To the Obama Administration Holder is Just a Public Relations Problem
On Meet the Press on Sunday, Eric Holder is heard testifying before Congress denying any knowledge of a criminal prosecution of journalists. “With regard to the potential prosecution of the press for the disclosure of material, that is not something that…um, I’ve ever been involved with, or heard of, or think would be a wise policy.”
The White House seems to be in full denial mode dragging out long time Obama apologist and full time public relations spinner, David Axelrod. Axelrod claimed that Eric Holder is just a victim of the Washington political environment that goes after innocent administration officials.
Poor Eric Holder was asked to appear before a House Judiciary Committee where he swore to tell the truth. He then made the statement that he had not been involved in the criminal prosecution of journalists. Yet, Attorney General Holder personally signed off on the warrant to search Fox reporter James Rosen’s e-mails. Rosen was targeted regarding a possible leak within the Obama administration that the United States may have a high placed information source in the North Korean government. Rosen referred to as a criminal co-conspirator by the Department of Justice was merely reporting on information gathered as part of his job.
The case against Rosen involves criminal charges filed by Holder’s office against Stephen Kim a naturalized citizen from South Korea who provided the reporter with the following information: that US intelligence sources believed that the North Korean government would reply with additional nuclear tests if the UN imposed additional sanctions. That disclosure is hardly the release of classified information. Anyone familiar with North Korea would have surmised that North Korea’s response would be further saber rattling. Instead of disclosing top-secret national security interests Mr. Kim merely confirmed what everybody already knew.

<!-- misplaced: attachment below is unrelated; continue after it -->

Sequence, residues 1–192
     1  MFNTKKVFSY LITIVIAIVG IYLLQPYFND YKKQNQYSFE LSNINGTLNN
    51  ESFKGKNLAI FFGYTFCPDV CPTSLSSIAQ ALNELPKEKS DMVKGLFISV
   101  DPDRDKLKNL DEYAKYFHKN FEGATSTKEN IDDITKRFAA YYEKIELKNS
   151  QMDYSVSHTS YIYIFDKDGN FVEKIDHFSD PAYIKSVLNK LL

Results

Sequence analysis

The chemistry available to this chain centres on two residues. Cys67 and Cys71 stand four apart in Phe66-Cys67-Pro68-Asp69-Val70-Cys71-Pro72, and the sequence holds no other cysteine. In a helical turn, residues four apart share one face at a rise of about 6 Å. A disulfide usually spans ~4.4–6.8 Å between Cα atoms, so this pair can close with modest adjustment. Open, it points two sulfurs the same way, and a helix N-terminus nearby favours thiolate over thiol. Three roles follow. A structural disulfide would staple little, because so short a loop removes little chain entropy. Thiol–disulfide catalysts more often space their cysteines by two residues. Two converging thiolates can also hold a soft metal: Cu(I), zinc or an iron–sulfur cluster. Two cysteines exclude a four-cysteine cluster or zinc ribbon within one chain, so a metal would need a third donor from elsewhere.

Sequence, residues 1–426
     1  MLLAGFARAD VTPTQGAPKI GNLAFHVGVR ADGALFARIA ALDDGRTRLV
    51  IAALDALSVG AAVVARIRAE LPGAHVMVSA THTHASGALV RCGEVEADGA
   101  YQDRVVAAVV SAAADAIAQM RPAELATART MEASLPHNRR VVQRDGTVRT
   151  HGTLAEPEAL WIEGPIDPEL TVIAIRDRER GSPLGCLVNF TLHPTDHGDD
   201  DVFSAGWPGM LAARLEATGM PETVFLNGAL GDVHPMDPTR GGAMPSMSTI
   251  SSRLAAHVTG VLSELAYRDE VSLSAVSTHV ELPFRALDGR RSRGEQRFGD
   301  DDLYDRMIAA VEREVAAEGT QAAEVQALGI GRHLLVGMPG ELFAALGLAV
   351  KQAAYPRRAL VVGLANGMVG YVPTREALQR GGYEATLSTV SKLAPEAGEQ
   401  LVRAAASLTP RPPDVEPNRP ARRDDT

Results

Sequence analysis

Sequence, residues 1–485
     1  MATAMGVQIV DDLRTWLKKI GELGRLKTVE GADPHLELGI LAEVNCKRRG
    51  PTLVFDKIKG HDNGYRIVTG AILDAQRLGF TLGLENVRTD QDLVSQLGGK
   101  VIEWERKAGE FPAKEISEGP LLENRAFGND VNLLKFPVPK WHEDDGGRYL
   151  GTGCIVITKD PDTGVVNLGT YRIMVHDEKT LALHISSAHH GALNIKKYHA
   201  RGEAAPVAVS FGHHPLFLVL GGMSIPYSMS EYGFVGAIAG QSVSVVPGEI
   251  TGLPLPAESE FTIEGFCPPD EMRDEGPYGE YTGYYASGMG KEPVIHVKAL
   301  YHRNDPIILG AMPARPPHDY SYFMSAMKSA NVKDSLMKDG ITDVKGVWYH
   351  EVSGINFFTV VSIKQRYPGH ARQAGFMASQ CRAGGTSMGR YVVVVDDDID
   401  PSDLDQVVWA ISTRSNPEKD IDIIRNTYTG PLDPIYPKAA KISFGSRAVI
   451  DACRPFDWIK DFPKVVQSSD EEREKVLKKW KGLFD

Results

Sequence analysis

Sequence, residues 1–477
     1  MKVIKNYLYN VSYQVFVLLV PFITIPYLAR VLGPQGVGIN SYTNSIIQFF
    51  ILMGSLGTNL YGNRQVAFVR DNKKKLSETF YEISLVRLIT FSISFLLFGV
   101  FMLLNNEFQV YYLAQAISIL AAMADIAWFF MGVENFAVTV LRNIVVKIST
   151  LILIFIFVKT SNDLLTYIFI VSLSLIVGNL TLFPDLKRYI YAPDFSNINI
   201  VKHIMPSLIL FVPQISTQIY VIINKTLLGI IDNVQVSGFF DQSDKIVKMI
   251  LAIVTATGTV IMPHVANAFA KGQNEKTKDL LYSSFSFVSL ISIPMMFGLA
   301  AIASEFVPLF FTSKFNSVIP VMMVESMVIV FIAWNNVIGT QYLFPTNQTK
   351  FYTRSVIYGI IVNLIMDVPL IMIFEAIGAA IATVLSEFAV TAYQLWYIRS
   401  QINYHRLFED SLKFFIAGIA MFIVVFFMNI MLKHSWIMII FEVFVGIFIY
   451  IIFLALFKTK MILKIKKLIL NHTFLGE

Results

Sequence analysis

The DOJ took on the journalists for AP and Fox News for negative reporting while leaks from the intelligence community that shed a favorable light on the administration’s policies went without any scrutiny. Stephen Kim is charged with leaking known policy information under the Espionage Act and James Rosen is accused of being Kim’s criminal co-conspirator. Who’s the victim here?
The prosecution in this case is unprecedented. This is not a charge involving the passing of vital security secrets from deep within the American spy network, nor the exchange of classified documents. Mr. Kim worked in the Verification, Compliance and Implementation Bureau, within the State Department where he help develop the Asian policy briefings. Back in 1973, Daniel Ellsberg was charged under the “Espionage Act” in the famous Pentagon Papers case. In that case Ellsberg took classified documents and passed them to the New York Times. The charges against Ellsberg were dismissed. The only recent conviction under the Espionage Act was against Samuel Morison for passing government secrets. In that case the former intelligence official was convicted of sending a satellite picture of a soviet nuclear aircraft carrier to a newspaper called Jane’s Defense Weekly. He had been an assistant editor of that paper and was trying to show that the Soviet Union still posed a military threat. On his last day in office Bill Clinton pardoned Morison.